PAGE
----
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Health

Tracking the hidden cancer

It is one of the most common blood cancers in the UK, yet few people have heard of multiple myeloma, writes Judy Hobson, and that has to change

Fifteen people are diagnosed every day in the UK with multiple myeloma. In two months, three of them will be dead.

A major problem is that this particular type of cancer, which causes bones to disintegrate, leads to kidney problems and impairs the immune system, has the longest route of all cancers to diagnosis, according to a 2016 National Cancer Patient Experience survey.

“If I’d been diagnosed earlier, it would have saved me an awful lot of pain”

 

Dr Fenella Willis, consultant haematologist at St George’s Hospital, London, says: “A fifth of patients see their GP five to six times before they are diagnosed, by which time their disease will have got worse and more than 30 per cent are diagnosed as a result of emergency admission to hospital.”

Dr Willis adds: “The patient will have often broken a leg or an arm because their bones have become so weak and be complaining of aches and pains. By the time some get their diagnosis, they are horribly disabled. We want patients to be picked up much earlier so they don’t end up having to live with bone deformity.”

Multiple myeloma is a cancer of the plasma cells, a type of white blood cell that is made in the bone marrow, the spongy material found in the larger bones of the body.

Normal plasma cells produce antibodies that fight infection, but in multiple myeloma they become abnormal, multiply and release a type of antibody called a paraprotein which has no useful function.

Measuring paraprotein in the blood and urine is a method used to diagnose and monitor this cancer.

At present there is no cure, but following treatment with steroids, a combination of chemotherapy drugs and stem cell transplants, a third of patients are living with the disease for ten years or longer.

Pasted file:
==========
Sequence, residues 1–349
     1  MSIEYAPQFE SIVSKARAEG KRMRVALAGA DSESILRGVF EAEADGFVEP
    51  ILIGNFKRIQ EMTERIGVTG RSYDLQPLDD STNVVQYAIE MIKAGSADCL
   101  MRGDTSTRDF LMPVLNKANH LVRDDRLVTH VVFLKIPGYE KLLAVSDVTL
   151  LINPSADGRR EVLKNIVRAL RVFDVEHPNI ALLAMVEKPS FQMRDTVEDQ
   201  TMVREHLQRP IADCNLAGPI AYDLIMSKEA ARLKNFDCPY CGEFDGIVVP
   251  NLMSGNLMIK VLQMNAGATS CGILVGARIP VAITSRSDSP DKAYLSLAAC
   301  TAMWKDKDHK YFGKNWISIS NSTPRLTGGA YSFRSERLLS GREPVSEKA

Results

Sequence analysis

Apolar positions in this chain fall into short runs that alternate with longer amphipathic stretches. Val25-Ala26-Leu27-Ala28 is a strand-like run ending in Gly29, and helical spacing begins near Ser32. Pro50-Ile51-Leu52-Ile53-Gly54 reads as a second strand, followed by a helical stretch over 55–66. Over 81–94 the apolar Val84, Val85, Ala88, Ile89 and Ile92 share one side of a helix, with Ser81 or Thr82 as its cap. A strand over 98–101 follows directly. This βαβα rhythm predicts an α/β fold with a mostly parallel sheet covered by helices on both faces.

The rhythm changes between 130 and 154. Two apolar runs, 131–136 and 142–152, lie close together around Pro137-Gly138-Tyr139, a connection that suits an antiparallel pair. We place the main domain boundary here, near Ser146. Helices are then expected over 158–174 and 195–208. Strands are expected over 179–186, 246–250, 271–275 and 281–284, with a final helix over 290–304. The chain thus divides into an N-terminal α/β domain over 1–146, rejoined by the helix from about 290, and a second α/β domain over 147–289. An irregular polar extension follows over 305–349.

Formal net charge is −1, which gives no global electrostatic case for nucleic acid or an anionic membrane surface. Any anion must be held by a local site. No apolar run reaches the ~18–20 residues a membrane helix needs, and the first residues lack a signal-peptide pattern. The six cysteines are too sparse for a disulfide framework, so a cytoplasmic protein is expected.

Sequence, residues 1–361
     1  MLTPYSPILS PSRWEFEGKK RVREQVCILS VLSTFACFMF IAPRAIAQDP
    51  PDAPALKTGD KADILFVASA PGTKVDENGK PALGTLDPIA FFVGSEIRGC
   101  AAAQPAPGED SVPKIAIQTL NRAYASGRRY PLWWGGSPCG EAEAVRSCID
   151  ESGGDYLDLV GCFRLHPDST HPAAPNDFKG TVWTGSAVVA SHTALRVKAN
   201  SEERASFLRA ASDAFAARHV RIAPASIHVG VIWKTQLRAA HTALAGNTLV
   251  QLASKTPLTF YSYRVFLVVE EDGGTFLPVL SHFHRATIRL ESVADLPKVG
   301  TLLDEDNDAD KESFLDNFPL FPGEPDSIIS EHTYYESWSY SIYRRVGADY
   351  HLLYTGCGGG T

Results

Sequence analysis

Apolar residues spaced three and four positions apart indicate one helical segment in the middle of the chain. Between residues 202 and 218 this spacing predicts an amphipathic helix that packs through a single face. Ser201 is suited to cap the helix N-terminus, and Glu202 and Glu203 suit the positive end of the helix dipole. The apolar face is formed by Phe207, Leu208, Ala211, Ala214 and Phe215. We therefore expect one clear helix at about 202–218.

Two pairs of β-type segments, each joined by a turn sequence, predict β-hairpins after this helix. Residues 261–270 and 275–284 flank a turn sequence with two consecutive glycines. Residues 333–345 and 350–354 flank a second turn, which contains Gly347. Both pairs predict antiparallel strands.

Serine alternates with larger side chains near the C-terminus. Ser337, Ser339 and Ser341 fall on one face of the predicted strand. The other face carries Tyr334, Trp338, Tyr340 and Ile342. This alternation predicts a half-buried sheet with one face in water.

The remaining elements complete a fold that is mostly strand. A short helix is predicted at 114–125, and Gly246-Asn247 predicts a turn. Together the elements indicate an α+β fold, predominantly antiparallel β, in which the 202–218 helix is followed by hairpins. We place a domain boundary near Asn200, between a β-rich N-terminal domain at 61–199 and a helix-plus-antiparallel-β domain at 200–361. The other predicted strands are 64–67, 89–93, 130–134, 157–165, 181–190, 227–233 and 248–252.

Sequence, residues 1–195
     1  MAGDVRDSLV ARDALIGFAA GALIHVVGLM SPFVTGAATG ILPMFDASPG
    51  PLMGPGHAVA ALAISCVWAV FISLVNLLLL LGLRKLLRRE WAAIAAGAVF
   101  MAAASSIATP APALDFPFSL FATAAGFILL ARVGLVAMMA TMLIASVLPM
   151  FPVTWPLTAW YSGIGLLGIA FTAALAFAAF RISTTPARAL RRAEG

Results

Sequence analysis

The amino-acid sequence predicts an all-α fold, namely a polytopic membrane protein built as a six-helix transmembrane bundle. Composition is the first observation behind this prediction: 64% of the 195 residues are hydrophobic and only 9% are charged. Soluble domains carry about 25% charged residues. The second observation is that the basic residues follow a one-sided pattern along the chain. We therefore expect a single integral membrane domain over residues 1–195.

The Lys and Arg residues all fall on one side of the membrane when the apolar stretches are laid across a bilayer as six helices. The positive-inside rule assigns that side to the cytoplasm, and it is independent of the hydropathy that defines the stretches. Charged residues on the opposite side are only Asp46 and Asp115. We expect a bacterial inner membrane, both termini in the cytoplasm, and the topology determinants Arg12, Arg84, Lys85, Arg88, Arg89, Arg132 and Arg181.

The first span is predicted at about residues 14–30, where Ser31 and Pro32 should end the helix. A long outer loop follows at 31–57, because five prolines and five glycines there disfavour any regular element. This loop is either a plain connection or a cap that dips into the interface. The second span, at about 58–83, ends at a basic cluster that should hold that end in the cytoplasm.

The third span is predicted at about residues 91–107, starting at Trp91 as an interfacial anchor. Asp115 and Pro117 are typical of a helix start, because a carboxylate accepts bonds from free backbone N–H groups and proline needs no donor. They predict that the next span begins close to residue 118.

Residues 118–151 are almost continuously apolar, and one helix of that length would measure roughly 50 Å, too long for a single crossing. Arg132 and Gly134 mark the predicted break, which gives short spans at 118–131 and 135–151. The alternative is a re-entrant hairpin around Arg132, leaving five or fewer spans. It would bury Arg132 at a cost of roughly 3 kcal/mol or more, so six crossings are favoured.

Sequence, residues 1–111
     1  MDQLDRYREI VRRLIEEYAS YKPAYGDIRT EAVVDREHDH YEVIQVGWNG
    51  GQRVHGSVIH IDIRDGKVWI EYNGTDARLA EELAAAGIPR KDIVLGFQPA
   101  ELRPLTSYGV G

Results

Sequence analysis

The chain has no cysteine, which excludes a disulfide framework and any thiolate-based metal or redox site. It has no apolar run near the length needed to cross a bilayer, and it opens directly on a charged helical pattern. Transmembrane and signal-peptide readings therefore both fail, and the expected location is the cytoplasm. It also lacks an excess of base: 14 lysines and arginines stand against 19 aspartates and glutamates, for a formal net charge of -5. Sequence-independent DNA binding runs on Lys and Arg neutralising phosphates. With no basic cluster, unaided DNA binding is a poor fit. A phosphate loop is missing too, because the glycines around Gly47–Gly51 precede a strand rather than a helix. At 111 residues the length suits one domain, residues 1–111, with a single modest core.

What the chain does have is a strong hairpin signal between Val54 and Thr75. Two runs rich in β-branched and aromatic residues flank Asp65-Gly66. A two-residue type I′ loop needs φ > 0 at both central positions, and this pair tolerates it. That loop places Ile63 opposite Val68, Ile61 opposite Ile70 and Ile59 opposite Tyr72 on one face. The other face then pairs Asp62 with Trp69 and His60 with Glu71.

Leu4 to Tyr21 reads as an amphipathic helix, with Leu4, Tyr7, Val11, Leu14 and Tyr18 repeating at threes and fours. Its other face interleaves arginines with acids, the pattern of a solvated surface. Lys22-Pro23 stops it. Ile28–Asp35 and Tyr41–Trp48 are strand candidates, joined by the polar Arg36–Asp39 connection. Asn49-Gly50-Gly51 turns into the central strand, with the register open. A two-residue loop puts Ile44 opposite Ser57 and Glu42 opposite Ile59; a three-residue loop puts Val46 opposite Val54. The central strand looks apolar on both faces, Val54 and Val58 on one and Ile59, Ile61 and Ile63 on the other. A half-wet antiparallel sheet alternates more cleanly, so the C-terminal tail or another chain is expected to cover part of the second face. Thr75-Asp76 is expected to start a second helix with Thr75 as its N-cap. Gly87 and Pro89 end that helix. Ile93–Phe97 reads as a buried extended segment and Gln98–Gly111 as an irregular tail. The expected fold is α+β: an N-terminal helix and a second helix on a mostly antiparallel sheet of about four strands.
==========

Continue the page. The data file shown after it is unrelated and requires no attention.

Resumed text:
But they report feeling as though they have a bomb inside them because they never know when their remission is going to end and they will have to undergo further treatment

Rosemarie Finley, CEO of Myeloma UK and a former nurse, says: “Sadly multiple myeloma has not been given the attention it deserves. Incidence increases with age. With our ageing population, the UK is going to see a lot more multiple myeloma and health care professionals and the public need to know exactly what it is and stop confusing it with melanoma.”

“One problem,” Dr Willis points out, “is that a GP may only see a case once every three to five years. And some symptoms such as backache and fatigue are generic. But having pain in your bones is very different from muscle pain. Simple blood tests carried out in a doctor’s surgery can detect whether there is high calcium content in someone’s blood that indicates bones are breaking down while proteins in their urine can indicate kidney damage.”

To raise the cancer’s profile and alert doctors to its symptoms the charity has produced a five-minute module now being shown on the Royal College of GPs website.

The charity, which celebrates its 21st anniversary this year, has also set up 100 groups across the country to help patients and families cope with the emotional turmoil a diagnosis of multiple myeloma brings.

Dr Willis says: “If someone has at least two of these symptoms – unexplained anaemia, kidney problems, nausea, weight loss, constipation, high blood calcium levels, fatigue and bone pain – it should alert their doctor to the possibility the patient has multiple myeloma.”

Phil Kelly, 53, from Oxford, was 41 when he was diagnosed with multiple myeloma as a result of hospital admission. Thanks to two stem cell transplants, steroids and different chemotherapy drugs, the married father of two is still alive 12 years later.